Mosley’s ‘Empire Strikes Back’ as Jean Todt is elected President of the FIA


In May 2002 there was a Presidential election in France. Jacque Chirac, the incumbent President and ultra astute politician, found himself to the chagrin of many commentators, in a straight two way political shoot-out with the leader of the fascist Front Nationale (FN) Jean Marie Le Pen.  Despite Le Pen's vile and abhorrent utterances about race in France, he gathered support to his message, particularly in the South of the country, because he was going hell for leather against Chirac's administration that had been tainted as profoundly corrupt.  During the election many French voters made a great exhibition of their unwillingness to vote for Chirac by publicly holding their noses and fumigating themselves as they left the voting booth.

Fearing a setback to democracy, French voters returned Chirac to power. Despite fears of an upset, Chirac eventually won the election with one of the largest margins in French history.  A margin of 82% of the vote went to Chirac, and Le Pen hasn't been heard from centre stage of French politics since then.  However, the FN continued to be the third largest party in French politics till about 2006.

Over the past couple of months events leading up to  FiA election in France today have had nothing to do with political ideology,(as far  as anyone can tell), but similar to the French Presidential election of 2002,  it has been nothing short of being dramatic, acrimonious and peculiarly engaging.  To Finnish Ari Vatanen's credit, he managed inject some much needed excitement into the election process by running a very professional campaign. Utilising momentum for change in light of  Renault’s trouble's involving Flavio Briatore and Pat Symonds to his own end like a consummate politician.

All things being equal, Vatanen might have won.  Unfortunately, he alienated the infamous 'Piranha Club' (to borrow a term from Author Timothy Collings) and subsequently burnt his bridges.  So, Max Mosley, the Darth Vader equivalent of the 'Piranha Empire' doing the bidding of Emperor Ecclestone, struck back with much force and alacrity.   Not only did Frenchman Jean Todt's candidature continue to secure influential endorsements leading up to today's election, but considering the margin of defeat for Vatanen, it's fair to assume that many of Vatanen's allies for some reason abandoned him.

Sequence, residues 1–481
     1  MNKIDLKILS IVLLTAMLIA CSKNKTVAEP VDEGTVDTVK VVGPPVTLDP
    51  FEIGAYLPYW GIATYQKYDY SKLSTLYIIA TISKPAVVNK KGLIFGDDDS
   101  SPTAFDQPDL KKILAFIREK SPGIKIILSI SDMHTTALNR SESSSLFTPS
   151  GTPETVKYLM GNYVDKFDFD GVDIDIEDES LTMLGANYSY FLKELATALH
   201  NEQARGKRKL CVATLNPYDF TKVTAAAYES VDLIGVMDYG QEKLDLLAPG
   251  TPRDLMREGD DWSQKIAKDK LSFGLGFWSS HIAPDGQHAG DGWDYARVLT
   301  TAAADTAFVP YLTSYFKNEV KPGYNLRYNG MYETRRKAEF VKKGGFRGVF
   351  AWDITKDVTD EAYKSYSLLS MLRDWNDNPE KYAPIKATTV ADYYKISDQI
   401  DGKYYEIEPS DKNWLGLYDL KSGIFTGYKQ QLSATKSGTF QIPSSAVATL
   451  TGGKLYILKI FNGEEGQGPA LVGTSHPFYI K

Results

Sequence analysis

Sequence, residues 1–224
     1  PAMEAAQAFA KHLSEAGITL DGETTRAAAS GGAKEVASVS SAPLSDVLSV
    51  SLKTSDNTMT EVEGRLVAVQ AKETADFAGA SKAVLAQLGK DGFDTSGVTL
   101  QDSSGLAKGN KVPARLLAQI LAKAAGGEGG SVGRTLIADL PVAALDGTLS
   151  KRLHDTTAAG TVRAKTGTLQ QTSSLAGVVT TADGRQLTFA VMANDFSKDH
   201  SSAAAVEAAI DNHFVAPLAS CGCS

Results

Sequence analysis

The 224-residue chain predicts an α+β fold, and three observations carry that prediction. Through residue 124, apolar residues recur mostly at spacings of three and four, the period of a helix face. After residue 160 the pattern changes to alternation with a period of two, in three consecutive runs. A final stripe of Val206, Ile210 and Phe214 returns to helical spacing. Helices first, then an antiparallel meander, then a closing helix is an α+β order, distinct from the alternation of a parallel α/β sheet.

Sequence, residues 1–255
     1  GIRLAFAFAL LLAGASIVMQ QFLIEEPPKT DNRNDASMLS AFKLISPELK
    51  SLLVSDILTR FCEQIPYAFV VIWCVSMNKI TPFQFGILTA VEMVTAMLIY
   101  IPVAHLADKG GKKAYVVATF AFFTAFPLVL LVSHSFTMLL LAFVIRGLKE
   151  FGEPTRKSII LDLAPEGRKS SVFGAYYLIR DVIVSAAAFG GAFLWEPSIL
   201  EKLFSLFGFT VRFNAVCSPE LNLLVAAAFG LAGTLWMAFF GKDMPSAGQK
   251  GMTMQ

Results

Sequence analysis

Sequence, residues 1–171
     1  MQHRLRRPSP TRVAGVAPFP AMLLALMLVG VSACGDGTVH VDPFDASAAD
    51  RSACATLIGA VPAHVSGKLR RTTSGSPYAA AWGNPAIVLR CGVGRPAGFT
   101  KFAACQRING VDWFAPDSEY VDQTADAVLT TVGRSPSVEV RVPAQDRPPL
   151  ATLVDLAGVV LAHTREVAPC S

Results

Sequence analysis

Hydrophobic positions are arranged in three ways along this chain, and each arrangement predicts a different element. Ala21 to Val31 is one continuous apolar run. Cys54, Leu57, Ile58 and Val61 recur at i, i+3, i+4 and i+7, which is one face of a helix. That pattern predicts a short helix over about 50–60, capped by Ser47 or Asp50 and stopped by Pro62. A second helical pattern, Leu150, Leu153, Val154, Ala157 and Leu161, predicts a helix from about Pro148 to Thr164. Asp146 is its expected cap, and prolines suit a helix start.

According the FiA press release,  Jean Todt got 86 votes more than Vatanen out of a total of 196, with 12 votes invalid or abstaining, leaving Vatanen to pick up 49 votes to Todt's 135. Reuters reports that Vatanen was surprised at the Todt's margin of victory. “I didn't expect such a vast majority would vote for Jean Todt” he told reports. How could he have seen it coming?  Hardly anyone saw Todt on the campaign trail. That's politics from the Darkside.

Since the election, the Formula One Teams Association (FOTA) has congratulated Todt, with Ferrari President Luca di Montezemolo saying “I have always appreciated his ability, dedication and commitment”.  It seems like Max Mosley was telling the truth about the FiA, when he wrote that letter to Prince Feisal of Jordan earlier this month  warning him off Vatanen because he would lose badly. Many observers, including myself expected Jean Todt to win but not by such a wide margin. I'm absolutely satisfied that the outcome is legitimate so to me  there seems little point of Vatanen retaining legal council since the margin of the defeat negates any confusion about who really won. Yet, despite the outcome overwhelming tilted in Jean Todt's favour, I for one will forever suspect that some members of the FiA held their noses when they cast their vote for the continuation of Formula One's Piranha Empire.

  • Pat Pepper

    Many may well have held their noses as they voted for Todt, but I’m not sure the analogy with the 2002 French elections is a perfect one. Voters held their noses as they went with Chirac seven years ago, because the alternative was an unpalatable racist. I don’t think even Mad Max or Richard Woods would try and level that smear at Ari Vatanen. I think maybe a better analogy would be with those voters in the UK who metaphorically held their noses as they voted for a third term of New Labour in 2005 or a third term of Thatcherism in 1987. In both cases, the victors’ appeal was wearing thin, to put it mildly, but the alternative looked like very much a shot in the dark, at a time when the voters were “voting with their wallets”. And that’s the point here, isn’t it? Too many of the FIA’s member clubs “voting with their wallets”. Admittedly, the analogy still isn’t perfect, because in 1987 and 2005 UK voters were able to make their own minds up about who was best for their wallet. But then the UK electorate is far too big for the proverbial Norman Tebbit or Peter Mandelson to ring each one of them up individually and threaten them with dire consequences should they dare to vote for the other lot. Or alternatively, to make a comparison with at least one reported case from today’s little farce, to ring up a voter individually and promise to clear his personal debts should he “vote the right way”….